Article  Google Scholar 

  7. Malghem J, Maldague B. Depth insufficiency of the proximal trochlear groove on lateral radiographs of the knee: relation to patellar dislocation. Radiology. 1989;170(2):507–10.

    Article  CAS  Google Scholar 

  8. Dejour D, Le Coultre B. Osteotomies in patello-femoral instabilities. Sports Med Arthrosc Rev. 2018;26(1):8–15.

    Article  Google Scholar 

  9. Kaymaz B, Atay OA, Ergen FB, Mermerkaya MU, Olgun ZD, Atesok K, et al. Development of the femoral trochlear groove in rabbits with patellar malposition. Knee Surg Sports Traumatol Arthrosc. 2013;21(8):1841–8.

    Article  Google Scholar 

  10. Yang G, Li F, Lu J, Niu Y, Dai Y, Zuo L, et al. The dysplastic trochlear sulcus due to the insufficient patellar stress in growing rats. BMC Musculoskelet Disord. 2019;20(1):411.

    Article  Google Scholar 

  11. Bell RD, Shultz SJ, Wideman L, Henrich VC. Collagen gene variants previously associated with anterior cruciate ligament injury risk are also associated with joint laxity. Sports Health. 2012;4(4):312–8.

    Article  Google Scholar 

  12. Santore RF, Gosey GM, Muldoon MP, Long AA, Healey RM. Hypermobility assessment in 1,004 adult patients presenting with hip pain: correlation with diagnoses and demographics. J Bone Joint Surg Am. 2020;102(21S Suppl 1):27–33.

    Article  CAS  Google Scholar 

  13. Wynne-Davies R. Acetabular dysplasia and familial joint laxity: two etiological factors in congenital dislocation of the hip. A review of 589 patients and their families. J Bone Joint Surg Br. 1970;52(4):704–16.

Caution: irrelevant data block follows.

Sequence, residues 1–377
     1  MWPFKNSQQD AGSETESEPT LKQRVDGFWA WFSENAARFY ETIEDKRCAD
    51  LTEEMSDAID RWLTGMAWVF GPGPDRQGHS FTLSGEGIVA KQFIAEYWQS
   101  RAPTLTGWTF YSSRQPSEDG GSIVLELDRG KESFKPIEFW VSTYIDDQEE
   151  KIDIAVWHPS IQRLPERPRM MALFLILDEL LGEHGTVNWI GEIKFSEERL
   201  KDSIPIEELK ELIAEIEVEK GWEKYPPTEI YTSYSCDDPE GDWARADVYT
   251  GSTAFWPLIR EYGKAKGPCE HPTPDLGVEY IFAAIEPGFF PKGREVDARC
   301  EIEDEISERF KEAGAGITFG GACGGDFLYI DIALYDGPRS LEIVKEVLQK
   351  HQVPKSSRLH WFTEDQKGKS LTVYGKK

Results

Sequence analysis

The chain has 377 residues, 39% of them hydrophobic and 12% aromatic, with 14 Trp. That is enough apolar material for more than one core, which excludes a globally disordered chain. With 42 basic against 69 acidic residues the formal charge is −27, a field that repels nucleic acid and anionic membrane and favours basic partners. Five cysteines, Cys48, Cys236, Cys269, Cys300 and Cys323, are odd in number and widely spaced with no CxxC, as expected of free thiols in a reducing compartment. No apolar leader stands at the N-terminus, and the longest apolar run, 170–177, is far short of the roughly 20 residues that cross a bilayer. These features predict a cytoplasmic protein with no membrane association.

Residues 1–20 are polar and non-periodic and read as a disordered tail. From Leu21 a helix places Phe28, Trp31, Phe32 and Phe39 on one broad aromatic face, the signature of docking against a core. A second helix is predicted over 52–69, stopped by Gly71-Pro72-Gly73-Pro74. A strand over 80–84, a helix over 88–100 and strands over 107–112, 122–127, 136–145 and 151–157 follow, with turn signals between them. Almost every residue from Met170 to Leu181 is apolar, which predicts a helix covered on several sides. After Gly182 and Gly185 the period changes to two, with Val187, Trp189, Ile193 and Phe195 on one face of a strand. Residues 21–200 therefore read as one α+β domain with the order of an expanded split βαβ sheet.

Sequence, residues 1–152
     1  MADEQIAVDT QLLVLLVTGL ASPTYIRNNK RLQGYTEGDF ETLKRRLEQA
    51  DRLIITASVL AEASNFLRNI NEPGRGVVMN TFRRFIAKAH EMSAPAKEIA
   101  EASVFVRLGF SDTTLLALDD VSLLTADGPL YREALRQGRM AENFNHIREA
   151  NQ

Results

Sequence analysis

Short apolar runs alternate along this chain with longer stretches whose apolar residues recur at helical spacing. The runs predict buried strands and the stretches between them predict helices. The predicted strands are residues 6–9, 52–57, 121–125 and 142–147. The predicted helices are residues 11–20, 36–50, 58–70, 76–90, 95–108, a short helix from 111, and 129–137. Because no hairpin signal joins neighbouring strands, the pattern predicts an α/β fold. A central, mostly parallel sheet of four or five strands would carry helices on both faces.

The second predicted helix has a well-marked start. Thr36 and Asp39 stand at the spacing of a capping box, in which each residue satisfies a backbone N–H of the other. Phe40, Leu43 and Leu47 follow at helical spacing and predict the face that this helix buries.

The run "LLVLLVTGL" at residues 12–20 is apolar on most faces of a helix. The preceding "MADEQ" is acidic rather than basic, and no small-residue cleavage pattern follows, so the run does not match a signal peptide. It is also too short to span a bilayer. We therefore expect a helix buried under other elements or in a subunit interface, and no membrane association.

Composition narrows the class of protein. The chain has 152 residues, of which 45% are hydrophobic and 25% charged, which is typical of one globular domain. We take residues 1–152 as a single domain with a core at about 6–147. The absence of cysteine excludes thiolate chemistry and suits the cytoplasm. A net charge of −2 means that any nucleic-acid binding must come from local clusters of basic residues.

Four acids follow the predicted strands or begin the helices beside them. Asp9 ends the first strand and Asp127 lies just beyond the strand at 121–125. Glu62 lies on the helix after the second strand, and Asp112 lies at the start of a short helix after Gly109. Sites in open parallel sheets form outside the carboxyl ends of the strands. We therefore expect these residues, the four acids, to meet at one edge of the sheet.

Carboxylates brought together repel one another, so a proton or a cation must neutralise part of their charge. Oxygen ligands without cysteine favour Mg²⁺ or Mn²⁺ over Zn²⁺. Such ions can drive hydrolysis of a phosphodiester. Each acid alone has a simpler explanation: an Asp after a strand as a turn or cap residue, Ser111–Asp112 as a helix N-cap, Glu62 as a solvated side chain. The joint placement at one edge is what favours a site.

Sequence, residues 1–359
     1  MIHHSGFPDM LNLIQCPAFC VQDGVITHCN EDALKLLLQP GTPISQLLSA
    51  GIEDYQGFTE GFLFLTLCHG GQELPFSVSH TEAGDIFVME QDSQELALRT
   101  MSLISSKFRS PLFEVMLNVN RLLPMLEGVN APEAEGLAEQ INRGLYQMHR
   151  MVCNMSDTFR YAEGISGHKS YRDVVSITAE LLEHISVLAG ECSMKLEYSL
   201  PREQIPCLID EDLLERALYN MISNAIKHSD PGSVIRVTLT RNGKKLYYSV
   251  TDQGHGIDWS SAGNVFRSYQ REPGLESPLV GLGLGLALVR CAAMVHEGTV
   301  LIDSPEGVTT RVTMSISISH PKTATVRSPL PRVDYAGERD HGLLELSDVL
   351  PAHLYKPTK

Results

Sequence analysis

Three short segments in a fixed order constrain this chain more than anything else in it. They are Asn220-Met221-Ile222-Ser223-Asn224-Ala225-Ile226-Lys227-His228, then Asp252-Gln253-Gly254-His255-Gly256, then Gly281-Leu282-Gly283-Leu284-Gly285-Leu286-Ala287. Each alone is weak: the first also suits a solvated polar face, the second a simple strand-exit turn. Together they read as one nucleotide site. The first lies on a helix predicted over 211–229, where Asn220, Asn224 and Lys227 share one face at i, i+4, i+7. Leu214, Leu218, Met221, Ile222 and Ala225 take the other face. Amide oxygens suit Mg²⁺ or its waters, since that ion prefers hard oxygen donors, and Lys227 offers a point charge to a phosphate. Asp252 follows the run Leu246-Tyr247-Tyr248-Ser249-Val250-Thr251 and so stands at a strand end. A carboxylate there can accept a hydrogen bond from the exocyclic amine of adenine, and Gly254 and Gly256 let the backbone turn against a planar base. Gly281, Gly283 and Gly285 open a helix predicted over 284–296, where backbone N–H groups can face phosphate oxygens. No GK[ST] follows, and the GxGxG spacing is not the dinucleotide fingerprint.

Article  CAS  Google Scholar 

  14. Wang S, Ji G, Yang X, Wang X, Wang R, Li M, et al. Femoral trochlear groove development after patellar subluxation and early reduction in growing rabbits. Knee Surg Sports Traumatol Arthrosc. 2016;24(1):247–53.

    Article  Google Scholar 

  15. Erden T, Aksoy DO, Ceylan HH, Kapicioglu M, Bilsel K, Elmali N. Is femoral trochlear dysplasia related to global joint hypermobility? J Orthop Sci. 2019;24(3):458–62.

    Article  Google Scholar 

  16. Ueda K, Kawai T, Senoo H, Shimizu A, Ishiko A, Nagata M. Histopathological and electron microscopic study in dogs with patellar luxation and skin hyperextensibility. J Vet Med Sci. 2018;80(8):1309–16.

    Article  Google Scholar 

  17. Panni AS, Cerciello S, Maffulli N, Di Cesare M, Servien E, Neyret P. Patellar shape can be a predisposing factor in patellar instability. Knee Surg Sports Traumatol Arthrosc. 2011;19(4):663–70.

    Article  Google Scholar 

  18. Hinckel BB, Gobbi RG, Demange MK, Pereira CAM, Pécora JR, Natalino RJM, et al. Medial patellofemoral ligament, medial patellotibial ligament, and medial patellomeniscal ligament: anatomic, histologic, radiographic, and biomechanical study. Arthroscopy. 2017;33(10):1862–73.